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Roundtable

Roundtable: How Much of the Consumer Experience Should You Own?

When the FT and Grocery Dive both wrote about the growth of Instacart and others, and the challenges of profitability, data ownership, and consumer relationship, it's time for Rob and Peter to talk about longer term strategy for brands. It's not just in grocery - over the next 5 years, who will own the consumer? 

Peter:

Hello everyone, Peter Crosby coming to you from The Digital Shelf Institutes Cape Cod office. And Rob is on from the Berkshires. Hey Rob.

Rob:

Hello.

Peter:

So, Rob, I saw an article in Grocery Dive from Sam Silverstein, basically, the headline being to own or not to own delivery groceries, reassess the Instacart dilemma. And it really was sort of a survey of what's happening with online delivery and out of that, the issues of who owns the consumer relationship, who owns the data, and can this be profitable. Um, and, and so that really struck me as an interesting conversation have not only in grocery, but I think, you know, there are other industries, I mean, particularly as marketplaces grow where your brands are kind of giving up control of the customer, uh, in an, in an age where that data becomes ever more important and profitability, it becomes an issue. Uh, and I think you're kind of excited about this topic.

Rob:

Yeah. I think in the big picture if you take retail aside, you take CPG aside, the ownership of the consumer relationship, the end-user is the most important thing in the age of the internet. So you look at what Google did originally, right? Google owns the end user's relationship in search, and that gives them leverage over its suppliers. So Google, basically by owning the consumer relationship, a commoditized supplier of content who is now subservient to Google's whims in some way, Amazon, uh, also owns the consumer relationship as the search bar for retail owning a huge percentage of retail search. And through that, they've commoditized suppliers. And so suppliers struggle to plan effectively with Amazon and margins tend to be lower than traditional contracts they've got through traditional retailers and so on and so forth. And so that linchpin point of owning the consumer relationship commoditized those underneath you, you look at Instacart, Instacart owns the consumer relationship, and that is basically turning the store into just like a warehouse that food comes from.

Rob:

And, and so if you're a store like, um, I mean, think of a Publix, which is an experience-oriented grocery chain in the United States, where they put a lot of effort into making, walking into a Publix, a good experience, Publix has effectively outsourced their, uh, e-commerce strategy to Instacart. It's like all of that investment in stores doesn't even matter when the users never even walk into the store and it's, it's the Instacart experience, right? So they risk commoditization here and, and it's, uh, I think strategically a big risk in the age where owning the consumer relationship is becoming the most important point of leverage in a supply chain.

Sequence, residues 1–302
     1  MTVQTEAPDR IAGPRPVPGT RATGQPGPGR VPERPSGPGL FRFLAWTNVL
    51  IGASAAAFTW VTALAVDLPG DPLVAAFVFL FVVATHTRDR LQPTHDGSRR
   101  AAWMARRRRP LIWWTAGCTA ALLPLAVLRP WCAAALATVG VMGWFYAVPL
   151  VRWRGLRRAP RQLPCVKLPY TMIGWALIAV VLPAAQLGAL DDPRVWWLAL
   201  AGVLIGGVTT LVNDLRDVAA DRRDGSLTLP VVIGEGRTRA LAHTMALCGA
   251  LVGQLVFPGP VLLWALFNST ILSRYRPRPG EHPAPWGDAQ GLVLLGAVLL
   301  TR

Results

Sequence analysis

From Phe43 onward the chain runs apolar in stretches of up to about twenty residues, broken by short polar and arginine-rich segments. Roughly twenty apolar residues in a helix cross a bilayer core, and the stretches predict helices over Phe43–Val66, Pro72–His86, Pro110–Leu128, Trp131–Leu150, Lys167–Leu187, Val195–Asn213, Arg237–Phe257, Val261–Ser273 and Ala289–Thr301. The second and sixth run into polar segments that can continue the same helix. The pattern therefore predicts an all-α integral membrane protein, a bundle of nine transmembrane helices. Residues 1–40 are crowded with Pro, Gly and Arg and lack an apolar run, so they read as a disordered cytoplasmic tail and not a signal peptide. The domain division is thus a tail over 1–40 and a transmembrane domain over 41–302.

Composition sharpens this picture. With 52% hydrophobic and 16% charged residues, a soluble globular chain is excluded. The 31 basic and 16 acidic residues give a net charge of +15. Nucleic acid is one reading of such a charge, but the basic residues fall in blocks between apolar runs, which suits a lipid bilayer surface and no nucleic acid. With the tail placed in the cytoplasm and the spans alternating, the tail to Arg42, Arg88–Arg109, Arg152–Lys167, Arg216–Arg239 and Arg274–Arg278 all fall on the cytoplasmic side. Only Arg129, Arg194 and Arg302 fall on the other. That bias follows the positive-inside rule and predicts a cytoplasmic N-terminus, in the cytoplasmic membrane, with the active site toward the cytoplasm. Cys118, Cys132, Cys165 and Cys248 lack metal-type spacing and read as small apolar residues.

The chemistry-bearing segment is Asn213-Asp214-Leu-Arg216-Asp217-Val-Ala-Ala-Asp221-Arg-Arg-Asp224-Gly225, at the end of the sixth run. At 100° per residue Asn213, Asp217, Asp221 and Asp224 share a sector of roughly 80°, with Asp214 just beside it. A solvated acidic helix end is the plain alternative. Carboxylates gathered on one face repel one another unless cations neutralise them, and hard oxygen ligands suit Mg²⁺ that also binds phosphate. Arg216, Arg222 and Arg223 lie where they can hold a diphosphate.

Peter:

Yeah. Research by UBS in the UK found that 71% of respondents said they will shop online as often or more after the COVID-19 situation improves. Bane estimates that between 35 and 45% of the recent increase in online sales will turn out to be permanent. Um, and, and, and I think even, you know, even beyond B to C, you know, as Granger starts to really invest in, in being an online B2B marketplace, you can see that same trend coming, uh, in, in B2B sales and kind of discernment, disintermediating, uh, the sort of the sales relationship that, that suppliers have consistently had. Yeah,

Rob:

This is, this is the big risk all around here. Um, uh, a brand manufacturer traditionally doesn't own a consumer relationship, right? So brand manufacturers 10 years ago used the word customer within their walls to talk about Target, to talk about Walmart's, to talk about Granger and their relationship with the end shopper is through brand marketing, through panels and things like that. Right? Really the relationship is owned by the retailer and what companies like Instacart are doing, or an Amazon, uh, is there. And they're taking away that relationship from the retailer, and they're there, they're turning the retailer more into just the warehouse and where they're just competing on price. You know, the old, old retail adage location, doesn't apply when the location is, you know, your web browser, your phone, and so on and so forth. Right. So, these, yeah, the disintermediation is, is exactly right here. And, uh, I think that the article grocery dive really captured it right. To, you know, do you want to own your relationship with the consumer or not? Or do you want to, do you want to outsource it to Instacart? And I'm a huge fan of Instacart, I think from a grocery chain strategy perspective, um, that is a risky business to, to really just trust your whole, uh, online experience to a company that that is going to, you know, basically disintermediate you, um, from owning the consumer.

Peter:

Yeah. Their Instacart's total order volume increased 274% in August alone compared with a year previously that put it slightly behind Walmart in us, grocery pickup and delivery sales, like that's huge. And at the same time, Walmart's testing Instacart in four markets right now, uh, shipped, says its sales through the service Target owns them 300% year over year. Um, Uber's new grocery delivery generated gross bookings, 1 billion annualized run rate in September, and is on track to bring in business at multiple times that pace in 2021. So it ain't going away. I think the question is over the next five, seven years, how are brands going to think about, and retailers think about their strategies for, um, for balancing that, you know, and what are those strategies.

Rob: